The soundtrack to opening night of the Republican National Convention was Queen and cheesy covers of the Turtles and the Rolling Stones, but convention organizers might as well have played a dirge. The program was stacked with three bleak hours of speeches from military members, law-enforcement officers, and elected officials, interlaced with a parade of people whose loved ones had been killed at the hands of undocumented immigrants and Islamic extremists. The clear message was that the safety of Americans (read white people) is directly threatened by the free movement of immigrants (namely Latinos), Muslims, and black people who assert their humanity.
The official theme of the evening was “Make America Safe Again,” but it could just as well have been, “Beware the Brown and Black People in Your Midst, They Are Coming to Kill You, and Don’t Forget, All Lives Matter.”
The RNC offered a peek into a worldview defined by strict, and false, binaries. “Radical Islamic terrorists” versus the selfless, cutthroat American killers who took them on in Benghazi. Mark Geist and John Teigen, members of the Benghazi security team, regaled the arena with a blow-by-blow account of their involvement in defending the embassy in 2012. “We heard State Department Security scream over the radio, ‘If you don’t get here now, we are all going to DIE!’ They were under siege. Stand-down orders be damned. We went,” Teigen said at the start of the lengthy recounting. The delegates in Quicken Loans Arena sat in silent rapture listening to the pair’s account, which stretched over at least 25 minutes. Theirs was only one of three segments of the evening devoted exclusively to Benghazi.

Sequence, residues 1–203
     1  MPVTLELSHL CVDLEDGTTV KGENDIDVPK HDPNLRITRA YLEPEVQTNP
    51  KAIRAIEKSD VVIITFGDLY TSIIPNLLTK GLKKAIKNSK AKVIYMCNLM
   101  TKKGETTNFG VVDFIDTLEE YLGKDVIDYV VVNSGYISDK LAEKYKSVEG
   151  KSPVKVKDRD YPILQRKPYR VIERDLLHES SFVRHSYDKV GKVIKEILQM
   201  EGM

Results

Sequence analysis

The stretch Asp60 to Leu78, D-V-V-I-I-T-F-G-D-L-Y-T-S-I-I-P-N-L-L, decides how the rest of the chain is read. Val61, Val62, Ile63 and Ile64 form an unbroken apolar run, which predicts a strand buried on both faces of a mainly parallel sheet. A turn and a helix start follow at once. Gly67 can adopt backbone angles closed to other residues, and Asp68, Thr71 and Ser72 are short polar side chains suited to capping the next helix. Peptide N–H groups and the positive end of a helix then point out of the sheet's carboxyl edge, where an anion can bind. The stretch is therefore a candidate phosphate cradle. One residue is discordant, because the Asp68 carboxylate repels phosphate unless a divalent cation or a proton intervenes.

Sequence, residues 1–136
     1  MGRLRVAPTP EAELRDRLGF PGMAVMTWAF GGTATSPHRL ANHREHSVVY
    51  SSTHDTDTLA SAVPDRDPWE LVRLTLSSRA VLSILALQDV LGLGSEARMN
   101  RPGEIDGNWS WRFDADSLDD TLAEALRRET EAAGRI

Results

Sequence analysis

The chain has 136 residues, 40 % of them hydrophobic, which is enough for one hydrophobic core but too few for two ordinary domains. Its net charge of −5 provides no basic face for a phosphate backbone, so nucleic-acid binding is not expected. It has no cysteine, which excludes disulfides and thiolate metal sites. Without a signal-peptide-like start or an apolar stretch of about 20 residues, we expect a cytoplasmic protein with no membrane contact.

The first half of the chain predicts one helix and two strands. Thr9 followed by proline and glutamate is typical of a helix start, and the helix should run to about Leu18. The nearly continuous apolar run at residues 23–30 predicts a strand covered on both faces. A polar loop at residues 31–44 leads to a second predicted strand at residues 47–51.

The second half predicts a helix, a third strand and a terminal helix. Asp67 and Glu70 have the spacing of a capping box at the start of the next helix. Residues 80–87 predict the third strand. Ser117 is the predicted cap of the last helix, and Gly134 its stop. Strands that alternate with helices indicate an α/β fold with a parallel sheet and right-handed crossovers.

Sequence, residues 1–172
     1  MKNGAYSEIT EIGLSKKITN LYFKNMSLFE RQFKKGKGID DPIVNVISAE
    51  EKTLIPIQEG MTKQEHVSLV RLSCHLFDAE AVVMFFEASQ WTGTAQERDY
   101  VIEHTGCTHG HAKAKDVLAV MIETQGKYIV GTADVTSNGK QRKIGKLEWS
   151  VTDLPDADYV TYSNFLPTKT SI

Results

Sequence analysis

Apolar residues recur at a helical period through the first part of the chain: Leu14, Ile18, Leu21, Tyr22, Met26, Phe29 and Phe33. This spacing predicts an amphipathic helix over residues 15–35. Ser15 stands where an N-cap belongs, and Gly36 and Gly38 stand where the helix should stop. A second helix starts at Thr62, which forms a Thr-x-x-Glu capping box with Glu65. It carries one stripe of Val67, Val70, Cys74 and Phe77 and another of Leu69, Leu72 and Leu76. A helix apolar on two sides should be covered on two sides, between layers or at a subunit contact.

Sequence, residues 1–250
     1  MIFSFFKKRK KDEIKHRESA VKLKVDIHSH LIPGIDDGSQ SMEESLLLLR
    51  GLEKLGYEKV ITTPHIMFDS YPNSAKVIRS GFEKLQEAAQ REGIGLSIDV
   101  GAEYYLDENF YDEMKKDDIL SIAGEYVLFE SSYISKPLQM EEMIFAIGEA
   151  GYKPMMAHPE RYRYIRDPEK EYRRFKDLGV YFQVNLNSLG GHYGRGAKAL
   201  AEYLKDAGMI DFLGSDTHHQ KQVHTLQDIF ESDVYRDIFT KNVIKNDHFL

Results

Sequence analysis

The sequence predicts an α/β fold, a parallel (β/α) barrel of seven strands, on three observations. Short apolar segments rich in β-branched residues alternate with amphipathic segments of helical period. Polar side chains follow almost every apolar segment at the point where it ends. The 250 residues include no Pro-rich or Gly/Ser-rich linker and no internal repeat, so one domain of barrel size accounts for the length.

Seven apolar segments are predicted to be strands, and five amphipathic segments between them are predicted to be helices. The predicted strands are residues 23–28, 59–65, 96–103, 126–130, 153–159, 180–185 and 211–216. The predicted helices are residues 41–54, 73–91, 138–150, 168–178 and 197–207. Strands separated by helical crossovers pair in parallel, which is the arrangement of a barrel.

Later, Texas Representative Michael McCaul told the crowd about the looming security threats that now materialize with seeming regularity. “We are in the cross hairs,” he said. “Our own city streets have become the battleground.” McCaul listed cities where killers who were alleged to have connections with Muslim extremist groups had gone on killing rampages: Fort Hood, Chattanooga, San Bernardino, and Orlando.
“Let’s cut through the suffocating political correctness,” McCaul said, “The enemy is radical Islam.” McCaul conveniently left off naming places like Charleston, Newtown, Aurora, and Tucson, where white men perpetrated deadly mass shootings. Such incidents presumably don’t comport with his strict dichotomy.
Jamiel Shaw, Mary Ann Mendoza, and Sabine Durden spoke to the crowd’s deepest fears of undocumented immigrants. The group, billed as “immigration-reform advocates,” walked to the stage together. All three lost their sons in separate incidents that involved undocumented immigrants. Mendoza’s son Brandon Mendoza was killed by a drunk driver in Arizona. German immigrant Durden’s son Dominic Durden was killed by undocumented immigrant driving a pickup truck, “from Guatemala,” she took care to point out. “I call them illegal aliens,” Durden emphasized. Shaw’s son Jamiel Shaw, Jr. was 17 when Pedro Espinoza, then a 19-year-old and a member of the 18th Street Gang, mistook Shaw for a rival gang member and shot him dead. He’s since been sentenced to death for the murder.